Out of work comedian Albert Brooks is game for anything when a United States Commission proposes a most unusual assignment. In order to better understand our Middle Eastern brethren, particularly the Muslims, they ask him to go "Looking for Comedy in the Muslim World."
Writer/director/star Albert Brooks ("The Muse") has slapped an attention grabbing title on his lamest piece of work to date. Rather than its intriguing titular idea, "Looking for Comedy," which he does in India, not Iraq or Iran or Saudi Arabia by the by, is more about the tender ego of a comedian who needs to feel the love of an audience. There are a few softballs lobbed at the bureaucracy of the U.S. Government and Indian outsourced support hotlines, but the film is only intermittently funny. Very intermittently. Giving him the benefit of the doubt, Brooks has perhaps made his points too subtly.
After flunking an audition with Penny Marshall (herself) for her remake of "Harvey," Brooks's wife Emily (Amy Ryan, "Capote") guides him towards the U.S. State Department's unusual proposal. Senator/actor Fred Dalton Thompson (himself) opens with 'The president has a pretty god sense of humor, as you know,' securing Brooks's funniest reaction, then outlines the assignment - two weeks each in India and Pakistan and a 500-page report on what makes their Muslim people laugh. The lure of a Medal of Freedom ('That's the nice one.') and the offer of help with the report writing seal the deal.
Brooks frets (as usual) over being bumped into Economy, then the size of the New Delhi office procured by the State Department flunkies, Stewart (John Carroll Lynch, "Gothika") and Mark (Jon Tenney, "You Can Count on Me"), who've accompanied him. He secures the services of Maya (Sheetal Sheth, "American Chai") as his assistant after a succession of women who cannot type and want to work with Mel Gibson. After a series of on-the-street interviews provides little material, Brooks decides to put on a stand-up comedy show in a city that has no comedy clubs. His painfully unfunny material yields no laughs. Grasping at straws, Brooks makes an illegal foray over the border at Lahore in order to meet with budding Pakistani comics, where the same material slays them. With his report bulked up to three pages, Brooks's skin is saved when he's pulled out two weeks early due to the Indian Level 3 Alert he's inadvertently caused. Instead of being relieved, Albert moans some more when his six page report yields nothing in return.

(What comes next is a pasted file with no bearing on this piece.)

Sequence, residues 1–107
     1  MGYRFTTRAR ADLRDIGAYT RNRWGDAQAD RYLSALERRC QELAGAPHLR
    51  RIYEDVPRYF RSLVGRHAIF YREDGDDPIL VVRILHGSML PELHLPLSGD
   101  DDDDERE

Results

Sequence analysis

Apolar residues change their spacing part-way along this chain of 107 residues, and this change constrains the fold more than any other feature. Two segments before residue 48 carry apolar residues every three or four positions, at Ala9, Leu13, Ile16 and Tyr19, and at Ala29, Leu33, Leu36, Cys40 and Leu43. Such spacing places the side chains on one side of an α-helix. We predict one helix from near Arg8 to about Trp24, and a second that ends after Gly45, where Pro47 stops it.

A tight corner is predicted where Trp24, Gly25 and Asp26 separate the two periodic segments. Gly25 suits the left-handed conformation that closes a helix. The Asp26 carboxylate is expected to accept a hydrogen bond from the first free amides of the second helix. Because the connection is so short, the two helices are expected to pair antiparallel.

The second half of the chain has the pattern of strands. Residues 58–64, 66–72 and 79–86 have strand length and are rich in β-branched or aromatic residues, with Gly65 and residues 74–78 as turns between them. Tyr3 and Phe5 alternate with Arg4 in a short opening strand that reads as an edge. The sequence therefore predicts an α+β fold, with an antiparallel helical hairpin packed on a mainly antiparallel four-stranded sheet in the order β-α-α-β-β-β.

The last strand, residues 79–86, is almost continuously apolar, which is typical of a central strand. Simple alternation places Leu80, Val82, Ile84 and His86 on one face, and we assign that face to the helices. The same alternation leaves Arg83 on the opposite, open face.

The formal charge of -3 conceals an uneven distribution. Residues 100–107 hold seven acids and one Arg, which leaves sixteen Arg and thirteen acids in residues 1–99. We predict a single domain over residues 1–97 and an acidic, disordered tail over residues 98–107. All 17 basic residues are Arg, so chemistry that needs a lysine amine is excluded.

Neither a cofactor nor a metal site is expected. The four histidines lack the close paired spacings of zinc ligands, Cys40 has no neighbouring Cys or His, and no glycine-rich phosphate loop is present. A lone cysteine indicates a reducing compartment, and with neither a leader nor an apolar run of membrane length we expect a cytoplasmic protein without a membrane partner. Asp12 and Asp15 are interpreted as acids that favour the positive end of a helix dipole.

There are three types of comedy in "Muslim World." First there are the semi-amusing ideas that are done to death. Down the hall from his New Delhi office, we hear phones being answered for Harry and David, The Gap, The White House, and the William Morris Agency. Mark continually begins conversations with an unseen caller on a minuscule earphone which Brooks believes are directed at him. Secondly there are the actual funny bits. Brooks is repeatedly referred to as 'the fish cartoon guy,' a recognized role that gets him pitched a sitcom, "That Darn Jew!," by the Al Jezeera network. The Pakistani comics enjoy their own laughs with a practical joke that panics their already panicky guest. Thirdly and most frequently are the bits that just don't work. A yoga club that uses laughter perplexes its American visitor. Brooks obsesses over Maya's decision to also print directions to his show in Hindi in case non-English speakers show up (they don't). Brooks's act, which includes a botched ventriloquist act and a sabotaged piece of audience-fed improv, is supposed to be satirically self-aware, but it just comes across as inept.
One can imagine that "Looking for Comedy in the Muslim World" must have been a logistical challenge, filming in mosques and at the Taj Mahal (which Brooks' failure to see is supposed to be a comical insight into his Western shortsightedness), but the film has an amateurish quality that's present even on home turf.
Brooks is drawn into the romantic tribulations of his assistant Maya and agrees to meet with her Iranian boyfriend Majeed (Home Doroodian, "The North End"), but the young man, who was present at his show, just wants to know what happens in the U.S. after a disastrous act. 'You're allowed to bomb, it's not the end of the world. Jesus!' Brooks tells him. Good to know he's got a shot a redemption.
Robin did not see this film.
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